TH: We were at Engelbert Humperdinck’s house to interview him but he called off the interview at the last minute after calling up her daughter Mariska Hargitay and asked “do you know about this documentary” and she said no. We told him from the beginning what kind of movie we were making, it took 8 months to set up the interview, and we sent a crew to go meet them, but then he said if it’s not authorised then I can’t be in it.

Do you know if Mariska Hargitay has seen the film?

DE: We believe she has not seen it, because we talked to producers of hers. She was a producer on a documentary at the same time that we were out on the film festival circuit, and we got to be friendly with these people who just happened to be producers on her film, so we know she hasn’t.

Did you get to meet her at any of these events?

DE: No we have not met her, we took the decision that we were not going to try to talk to the families on either side. We felt like what we were interested in in this movie was the way in which a myth lives on in the culture, much more than trying to track down the veracity of these wild stories. We liked that the stories were wild and that they may or may not be true, and that they may only be true in the retelling of them. So we weren’t really looking for someone to say “actually my mother never did that,” it wasn’t what we were after.

There is an interesting balance between pure showbiz and academia in the people you chose to interview – can you tell us more about that?

TH: It’s funny because we were talking about this last night, about some peers of ours who are very content to tell the story and present all the photographic evidence and we’re much more interested in the bigger story…

DE: … yes the culture, and what was going on around her and how that might have shaped both her life and also our perceptions of her life as they carry on. So to us that was always part of it. We were approaching it knowing that we wanted to do an evaluation of 1966/1967 along with using Jayne as a catalyst for talking about getting caught between the America of 1950s and 1960s. There was a great book ‘Jane Mansfield and the American 50s’ by Martha Saxton, and it was a book that we read that started to give us the idea of talking about her from a feminist perspective, and trying to place her into that lexicon. Also the contrast between my way in, and Todd’s way in to this story is that my mother is a 1970s feminist who would have been completely on the other end of the spectrum in the way she would have seen Jayne Mansfield. So I was looking at it from that “son of a feminist” filter, so that’s how a lot of that came into the film.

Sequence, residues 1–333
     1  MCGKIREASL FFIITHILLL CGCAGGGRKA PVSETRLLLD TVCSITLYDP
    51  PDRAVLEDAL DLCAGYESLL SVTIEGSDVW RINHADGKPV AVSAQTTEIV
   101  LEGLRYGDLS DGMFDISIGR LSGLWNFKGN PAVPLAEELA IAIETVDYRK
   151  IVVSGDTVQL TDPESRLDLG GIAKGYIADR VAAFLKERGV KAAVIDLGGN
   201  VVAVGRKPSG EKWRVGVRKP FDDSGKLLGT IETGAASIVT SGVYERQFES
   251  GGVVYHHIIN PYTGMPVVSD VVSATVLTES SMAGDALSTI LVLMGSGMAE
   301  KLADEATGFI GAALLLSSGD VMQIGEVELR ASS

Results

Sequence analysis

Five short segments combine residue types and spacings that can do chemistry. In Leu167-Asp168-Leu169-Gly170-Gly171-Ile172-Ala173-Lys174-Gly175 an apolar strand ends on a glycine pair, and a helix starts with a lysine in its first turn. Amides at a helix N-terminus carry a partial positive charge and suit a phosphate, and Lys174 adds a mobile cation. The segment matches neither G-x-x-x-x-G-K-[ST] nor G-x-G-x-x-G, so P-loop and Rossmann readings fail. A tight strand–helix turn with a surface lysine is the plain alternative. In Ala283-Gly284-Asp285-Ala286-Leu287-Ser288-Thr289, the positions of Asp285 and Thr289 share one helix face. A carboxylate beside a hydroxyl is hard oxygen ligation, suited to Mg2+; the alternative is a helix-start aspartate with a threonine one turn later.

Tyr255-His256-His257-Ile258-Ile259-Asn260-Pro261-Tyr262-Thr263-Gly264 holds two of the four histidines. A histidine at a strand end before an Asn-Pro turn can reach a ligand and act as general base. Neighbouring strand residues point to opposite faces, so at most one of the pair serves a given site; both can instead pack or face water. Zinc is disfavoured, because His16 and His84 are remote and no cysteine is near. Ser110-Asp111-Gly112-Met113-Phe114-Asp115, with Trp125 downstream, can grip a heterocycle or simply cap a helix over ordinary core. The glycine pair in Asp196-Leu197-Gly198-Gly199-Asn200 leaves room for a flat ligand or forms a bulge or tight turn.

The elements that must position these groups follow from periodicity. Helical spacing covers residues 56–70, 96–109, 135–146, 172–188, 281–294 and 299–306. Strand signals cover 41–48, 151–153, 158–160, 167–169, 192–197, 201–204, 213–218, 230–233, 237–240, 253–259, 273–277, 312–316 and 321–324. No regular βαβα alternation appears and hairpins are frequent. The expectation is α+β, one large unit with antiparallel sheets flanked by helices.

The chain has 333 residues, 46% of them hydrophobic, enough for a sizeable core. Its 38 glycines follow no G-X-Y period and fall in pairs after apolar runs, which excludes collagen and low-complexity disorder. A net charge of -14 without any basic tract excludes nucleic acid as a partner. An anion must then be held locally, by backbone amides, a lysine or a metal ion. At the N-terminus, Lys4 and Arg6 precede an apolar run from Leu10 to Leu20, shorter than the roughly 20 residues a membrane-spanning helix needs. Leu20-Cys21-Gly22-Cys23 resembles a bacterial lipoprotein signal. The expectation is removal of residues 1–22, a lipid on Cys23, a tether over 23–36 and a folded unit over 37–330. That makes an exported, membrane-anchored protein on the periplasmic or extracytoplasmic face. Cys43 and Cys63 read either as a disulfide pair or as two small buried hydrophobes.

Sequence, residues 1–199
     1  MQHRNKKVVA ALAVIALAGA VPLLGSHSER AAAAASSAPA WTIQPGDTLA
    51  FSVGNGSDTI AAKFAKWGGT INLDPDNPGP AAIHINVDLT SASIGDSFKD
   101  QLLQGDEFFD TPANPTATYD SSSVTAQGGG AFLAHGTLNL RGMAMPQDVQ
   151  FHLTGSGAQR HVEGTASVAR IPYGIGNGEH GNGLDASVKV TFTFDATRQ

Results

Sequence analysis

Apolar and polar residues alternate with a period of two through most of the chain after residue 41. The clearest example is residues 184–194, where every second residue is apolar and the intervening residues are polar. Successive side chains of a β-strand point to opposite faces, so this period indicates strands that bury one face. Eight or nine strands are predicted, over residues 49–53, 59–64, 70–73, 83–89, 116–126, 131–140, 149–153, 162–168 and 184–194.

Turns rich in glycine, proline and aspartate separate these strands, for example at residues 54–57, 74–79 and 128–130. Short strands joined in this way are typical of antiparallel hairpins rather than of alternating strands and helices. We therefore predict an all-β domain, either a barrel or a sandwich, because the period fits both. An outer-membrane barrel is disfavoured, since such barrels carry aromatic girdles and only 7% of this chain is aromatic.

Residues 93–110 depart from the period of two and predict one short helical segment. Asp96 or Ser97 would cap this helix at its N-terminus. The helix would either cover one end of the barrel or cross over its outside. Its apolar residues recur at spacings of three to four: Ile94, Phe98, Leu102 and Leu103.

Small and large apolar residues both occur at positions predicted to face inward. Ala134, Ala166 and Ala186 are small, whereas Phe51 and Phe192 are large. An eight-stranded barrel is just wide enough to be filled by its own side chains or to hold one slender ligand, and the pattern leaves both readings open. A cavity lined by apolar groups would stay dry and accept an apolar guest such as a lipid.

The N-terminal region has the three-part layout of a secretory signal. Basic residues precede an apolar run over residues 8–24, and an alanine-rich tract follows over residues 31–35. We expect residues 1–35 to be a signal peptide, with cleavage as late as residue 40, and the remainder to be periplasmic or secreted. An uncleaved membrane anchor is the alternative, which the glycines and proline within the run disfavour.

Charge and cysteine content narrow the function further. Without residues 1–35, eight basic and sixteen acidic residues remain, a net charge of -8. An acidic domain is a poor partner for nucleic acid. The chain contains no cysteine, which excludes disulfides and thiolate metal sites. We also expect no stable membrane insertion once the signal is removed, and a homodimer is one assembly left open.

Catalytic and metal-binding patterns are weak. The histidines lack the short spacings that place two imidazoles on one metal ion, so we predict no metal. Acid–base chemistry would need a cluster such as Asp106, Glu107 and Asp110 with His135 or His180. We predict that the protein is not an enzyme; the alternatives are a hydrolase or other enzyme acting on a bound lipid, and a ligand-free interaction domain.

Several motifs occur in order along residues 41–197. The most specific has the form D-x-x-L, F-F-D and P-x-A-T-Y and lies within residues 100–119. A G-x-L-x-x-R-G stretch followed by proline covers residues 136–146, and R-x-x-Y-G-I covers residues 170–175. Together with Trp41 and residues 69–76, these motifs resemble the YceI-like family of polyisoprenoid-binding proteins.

We know that she was without a shadow of a doubt one of the original gay icons, but would you say that she was also a feminist icon?

DE: Retrospectively yes, in the moment no. I think a lot of it has to do with the reclaiming of sexuality through an era which fell in love with someone like Madonna, that we could say… but wait, let’s look at Jayne, she owned her sexuality, she had 5 children and wanted it all, had a career, supported her whole family and all of her husbands and was looking to enjoy and have fun with her sexuality. So she represents feminism when you look backwards.

TH: Like Pierre Cardin who we are doing now, she really refused to abide by the rules. Fox told her, you cannot be a movie star and get married and have kids, and she said I’m going to. She never let anyone stop her.

Do you think she was a good actress, or was she just a caricature?

DE: My opinion and Todd’s might be different, but my opinion is that she was an excellent comedic actress who, when she got the rug pulled from under her by Fox taking away her contract, then she started to have to be in independent B-movies – the scripts were awful and what she had to do on screen was awful.

TH: I have to say she was brilliant, a really brilliant performer… because you know we’ve seen all her movies now, and given the right material and the right direction she’s fantastic. She’s unbeliveable, I think she was a genius, very talented.

Finally can I ask you a bit more about the Cardin project? What can you tell us about it and how you intend to approach it?

DE: I think this will be really different in that he’s 95 years old and he’s alive, and it’s kind of more of an overall career retrospective of what he created and how he’s managed to stay one of the sole owners of a large house of fashion and not given in to corporate interest. So I think it’s an appreciation of him as an artist and a businessman. There’s certainly some controversy in his life but, you know Jane was so fun because we were coming at it from that side of rumour and gossip and hearsay, and in this we have an authorised documentary about a man who’s here to tell us his own story, so its a very different kind of way in.